How to safeguard your information

How to safeguard your information

Wednesday, March 29, 2018

It seems every day you turn around there’s another data breach or hack or talk about a new strand of malware or viruses. While it is only a matter of time if someone truly wants to get your information or the fact that inevitably somehow you will let your guard down and become compromised, there are a few things you can do to prevent and reduce the chances of getting hacked.

  • Don’t use easy passwords.
  • Change passwords periodically
  • Use passphrases.
  • Use longer passwords at least 8 characters to slow down the chance of being compromised due to brute force attacks.
  • Use passwords on your wifi and WPA2-PSK type encryption.
  • Encrypt your files.
  • Don’t save all your files in one place.
  • Don’t put all your financial stuff in one place.
  • Don’t give out all your secrets.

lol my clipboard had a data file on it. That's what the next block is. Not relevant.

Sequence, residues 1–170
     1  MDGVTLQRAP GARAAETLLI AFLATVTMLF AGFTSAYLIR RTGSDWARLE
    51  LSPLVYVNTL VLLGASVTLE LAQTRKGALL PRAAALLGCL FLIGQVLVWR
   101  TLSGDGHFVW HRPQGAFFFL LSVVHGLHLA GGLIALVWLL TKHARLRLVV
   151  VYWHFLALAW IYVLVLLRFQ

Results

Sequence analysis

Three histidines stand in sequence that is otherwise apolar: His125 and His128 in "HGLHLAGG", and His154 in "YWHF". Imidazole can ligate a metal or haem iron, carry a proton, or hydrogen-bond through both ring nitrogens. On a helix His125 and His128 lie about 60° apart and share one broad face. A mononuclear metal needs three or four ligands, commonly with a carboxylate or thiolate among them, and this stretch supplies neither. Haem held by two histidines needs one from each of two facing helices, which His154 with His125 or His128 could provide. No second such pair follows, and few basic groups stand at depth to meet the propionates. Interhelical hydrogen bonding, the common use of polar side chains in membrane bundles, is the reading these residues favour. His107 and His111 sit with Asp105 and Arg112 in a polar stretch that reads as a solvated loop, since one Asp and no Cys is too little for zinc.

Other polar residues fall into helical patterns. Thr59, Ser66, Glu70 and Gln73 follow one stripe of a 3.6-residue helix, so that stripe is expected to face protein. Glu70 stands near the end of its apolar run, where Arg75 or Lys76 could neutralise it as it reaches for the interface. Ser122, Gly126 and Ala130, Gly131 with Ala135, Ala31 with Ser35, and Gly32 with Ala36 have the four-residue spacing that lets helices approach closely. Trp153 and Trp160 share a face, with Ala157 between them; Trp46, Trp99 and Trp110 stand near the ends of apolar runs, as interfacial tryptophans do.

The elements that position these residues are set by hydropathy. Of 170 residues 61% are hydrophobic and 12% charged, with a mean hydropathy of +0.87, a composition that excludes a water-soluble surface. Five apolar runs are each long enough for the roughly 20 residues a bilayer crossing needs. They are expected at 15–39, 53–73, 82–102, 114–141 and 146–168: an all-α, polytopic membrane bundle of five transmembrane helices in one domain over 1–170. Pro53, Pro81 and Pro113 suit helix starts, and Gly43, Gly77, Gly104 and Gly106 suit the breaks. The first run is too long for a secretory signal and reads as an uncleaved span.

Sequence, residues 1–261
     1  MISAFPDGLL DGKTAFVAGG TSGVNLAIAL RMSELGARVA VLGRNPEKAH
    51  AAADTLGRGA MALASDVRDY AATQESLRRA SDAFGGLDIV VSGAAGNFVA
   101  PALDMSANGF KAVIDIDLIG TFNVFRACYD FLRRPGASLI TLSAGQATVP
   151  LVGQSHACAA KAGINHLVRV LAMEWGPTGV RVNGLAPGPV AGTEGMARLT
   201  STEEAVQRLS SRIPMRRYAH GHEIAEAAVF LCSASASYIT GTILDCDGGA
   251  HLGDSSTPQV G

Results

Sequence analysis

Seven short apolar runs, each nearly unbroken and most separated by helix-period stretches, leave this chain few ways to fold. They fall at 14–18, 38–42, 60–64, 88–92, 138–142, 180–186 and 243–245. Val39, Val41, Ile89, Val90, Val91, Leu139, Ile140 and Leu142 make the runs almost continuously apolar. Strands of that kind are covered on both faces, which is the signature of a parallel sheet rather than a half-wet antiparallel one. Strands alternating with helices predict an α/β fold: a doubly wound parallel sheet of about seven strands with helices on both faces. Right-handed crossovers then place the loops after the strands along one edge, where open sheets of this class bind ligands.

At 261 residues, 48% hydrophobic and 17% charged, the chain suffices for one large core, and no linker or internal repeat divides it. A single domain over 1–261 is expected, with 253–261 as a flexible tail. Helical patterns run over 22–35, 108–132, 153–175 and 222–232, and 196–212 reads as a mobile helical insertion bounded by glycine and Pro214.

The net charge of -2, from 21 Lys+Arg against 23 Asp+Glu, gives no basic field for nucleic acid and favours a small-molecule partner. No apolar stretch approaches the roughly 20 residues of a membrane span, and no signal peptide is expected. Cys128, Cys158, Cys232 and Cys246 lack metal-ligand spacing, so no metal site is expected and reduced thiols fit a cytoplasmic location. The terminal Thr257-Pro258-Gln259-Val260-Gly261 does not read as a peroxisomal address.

• Don’t connect to public wifi to do financial transactions.
  • Leave some information not connected to a network or the Internet.
  • Don’t brag or post everything you do on social media.
  • Write down and keep a backup of your important data files or financial records.
  • Keep a copy of your backups offsite.
  • Consider using two factor authentication or 2FA that requires not just a password but also a text or email verification code.
  • Redact out private information or shred files and credit cards or burn your files before getting rid of them.
  • Cut up old credit cards and items you no longer need and remove access or close out accounts that are no longer needed.
  • Do a web search on yourself to see what you can find and contact the sites to have your data scrubbed and removed.
  • Sign up to get a text alert from your banking app about any suspicious charges.
  • Keep your phone and wallet close to you at all times and don’t let your laptop or other mobile device out of your sight especially when out in public.

If you are compromised consider doing the following:

  • Contact the 3 major credit bureaus such as Equifax, Experian and Transunion
  • Contact the Federal Trade Commission to report identity theft
  • File a report with law enforcement
  • Notify your credit cards and get them cancelled.
  • Don’t panic and don’t necessarily send money as the first means to recover files.

Author: savvywealthmedia

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